Representatives query lopsidedness in Buhari’s appointments
• Faults UBEC’s spendings
Federal lawmakers yesterday lamented alleged non-compliance with the federal character principle by the executive in recent appointments and recruitment into public offices in the country.
Adopting a motion sponsored by Kingsley Chinda at the plenary session presided over by Speaker Yakubu Dogara, the House of Representatives mandated its Committee on Federal Character to investigate all public appointments and recruitments made so far with a view to ascertaining the level of compliance or otherwise with Section 14 (3) of the constitution. The panel is to submit its report within one month.
The lawmakers urged the executive arm to comply with the Federal Character Principles in S.14 (3) of the Constitution in all appointments and recruitments into public offices.
Presenting the motion, Chinda representing Obio/Akpor federal constituency of Rivers State claimed that there was an apparent lopsidedness and imbalance in the appointments and sharing of posts into public offices by the Federal Government and some of its agencies in favour of certain zones.
Chinda, who accused the Federal Character Commission (FCC) of not living up to its mandate, alleged lopsidedness in the recent recruitments by the Central Bank of Nigeria (CBN) and the Federal Inland Revenue Service (FIRS) as well as appointments into the boards of agencies and parastatals and the nomination of ambassadors.
The lawmaker said: “Unless urgent and positive steps are taken to check the prevailing imbalance, people would continue to be discontented and despondent, and this could lead to disunity and disloyalty, and heighten ethnic agitations that can undermine national security.
“Section 14 (1) of the Constitution of the Federal Republic of Nigeria, 1999 states that ‘the Federal Republic of Nigeria shall be a state based on the principles of democracy and social justice.’ Section 14 (3) of the constitution states that ‘the composition of the government of the federation or any of its agencies and the conduct of its affairs shall be carried out in such a manner as to reflect the federal character of Nigeria and the need to promote national unity and also to command national loyalty, thereby ensuring that there shall be no predominance of persons from a few states or from a few ethnic or other sectional groups in that government or in any of its agencies.”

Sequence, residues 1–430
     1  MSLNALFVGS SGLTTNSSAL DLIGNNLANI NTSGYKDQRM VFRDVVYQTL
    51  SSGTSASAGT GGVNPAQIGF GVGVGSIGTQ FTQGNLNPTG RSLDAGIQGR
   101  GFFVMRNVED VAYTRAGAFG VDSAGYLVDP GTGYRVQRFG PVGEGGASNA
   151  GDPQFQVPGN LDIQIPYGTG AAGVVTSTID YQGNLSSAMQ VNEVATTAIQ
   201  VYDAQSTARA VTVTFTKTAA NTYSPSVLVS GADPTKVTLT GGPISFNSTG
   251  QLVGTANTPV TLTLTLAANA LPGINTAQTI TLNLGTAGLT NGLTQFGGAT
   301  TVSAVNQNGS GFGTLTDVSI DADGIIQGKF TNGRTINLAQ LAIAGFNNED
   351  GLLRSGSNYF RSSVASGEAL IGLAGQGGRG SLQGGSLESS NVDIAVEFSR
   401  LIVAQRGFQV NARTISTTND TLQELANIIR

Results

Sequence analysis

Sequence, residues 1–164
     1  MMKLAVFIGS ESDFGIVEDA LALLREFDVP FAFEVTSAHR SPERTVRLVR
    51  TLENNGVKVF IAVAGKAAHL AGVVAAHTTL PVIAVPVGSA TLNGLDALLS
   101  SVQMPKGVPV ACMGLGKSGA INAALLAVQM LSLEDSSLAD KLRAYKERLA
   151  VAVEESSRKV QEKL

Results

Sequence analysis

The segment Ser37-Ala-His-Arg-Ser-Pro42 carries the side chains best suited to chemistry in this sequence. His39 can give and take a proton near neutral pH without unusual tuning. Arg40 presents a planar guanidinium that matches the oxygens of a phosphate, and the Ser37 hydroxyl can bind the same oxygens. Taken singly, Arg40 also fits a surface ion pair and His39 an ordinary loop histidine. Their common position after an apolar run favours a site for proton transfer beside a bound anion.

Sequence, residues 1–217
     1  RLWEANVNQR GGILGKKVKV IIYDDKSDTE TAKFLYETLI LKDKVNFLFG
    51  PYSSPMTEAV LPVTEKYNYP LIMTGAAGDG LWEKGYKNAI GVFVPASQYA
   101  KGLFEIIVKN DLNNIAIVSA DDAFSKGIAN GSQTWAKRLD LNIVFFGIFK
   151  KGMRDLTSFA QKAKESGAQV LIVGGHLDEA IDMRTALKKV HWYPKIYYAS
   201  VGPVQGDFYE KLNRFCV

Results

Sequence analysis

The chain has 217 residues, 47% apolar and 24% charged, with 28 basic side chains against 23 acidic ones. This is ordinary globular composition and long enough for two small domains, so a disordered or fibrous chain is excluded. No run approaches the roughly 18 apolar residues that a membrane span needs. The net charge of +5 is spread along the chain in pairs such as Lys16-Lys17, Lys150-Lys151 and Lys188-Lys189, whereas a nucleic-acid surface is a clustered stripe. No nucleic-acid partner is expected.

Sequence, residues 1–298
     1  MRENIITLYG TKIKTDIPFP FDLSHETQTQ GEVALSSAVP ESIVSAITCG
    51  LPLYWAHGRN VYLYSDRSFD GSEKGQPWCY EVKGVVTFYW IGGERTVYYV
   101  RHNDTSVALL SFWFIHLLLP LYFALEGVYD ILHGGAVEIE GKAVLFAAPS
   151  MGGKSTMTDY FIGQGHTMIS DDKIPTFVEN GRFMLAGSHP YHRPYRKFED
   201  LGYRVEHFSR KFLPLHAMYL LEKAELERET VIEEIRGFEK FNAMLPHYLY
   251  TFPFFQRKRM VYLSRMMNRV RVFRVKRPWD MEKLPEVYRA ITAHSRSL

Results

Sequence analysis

The House also upbraided the Universal Basic Education Commission (UBEC) over the non-compliance with the Fiscal Responsibility Act.
The lower federal legislative chamber, via its Zakari Mohammed-led Committee on Basic Education, queried UBEC for accessing monies running into billions of naira even before the passage of the 2016 Appropriation Act.
The Executive Secretary of UBEC, Mr. Habib Bobboi, made spirited effort to defend the expenditure, saying it should not be seen as an extra-budgetary spending since such monies had already been budgeted for in 2015.
Bobboi who assumed office in August canvassed a review of UBEC Act to make it easier for state governments to access counterpart funds.
According to him, the inability of some states to utilise grants from the commission led to the incidence of un-accessed funds still lying untouched with UBEC.
“Some states are up and others are behind without coming to access the funds because they lack the willingness to provide the counterpart funding, and that is why the funds accumulated,” he said.
On the 2016 budget implementation, the UBEC boss said: “We get our funding based on what was appropriated. If the appropriation is N77 billion, we get N6 billion every month and in 1st quarter, we would have gotten N18 billion.”
Earlier, the Director of Finance, Mohammed Sambo, justified the pre-budgetary expenditure, saying it was a normal practice since monies were released to beneficiary states that submitted their action plan upon which they can access the matching grant irrespective of whether the financial year expired or not.
Mohammed demanded a detailed analysis of how the monies were expended to enable members of his committee conduct an on-the-spot assessment of the level of implementation of the capital component of the projects.
He also directed the commission to submit details of internally generated revenue from January to September 2016 and extent of financial commitment of donor agencies as well as the nominal rolls, remuneration and grade levels.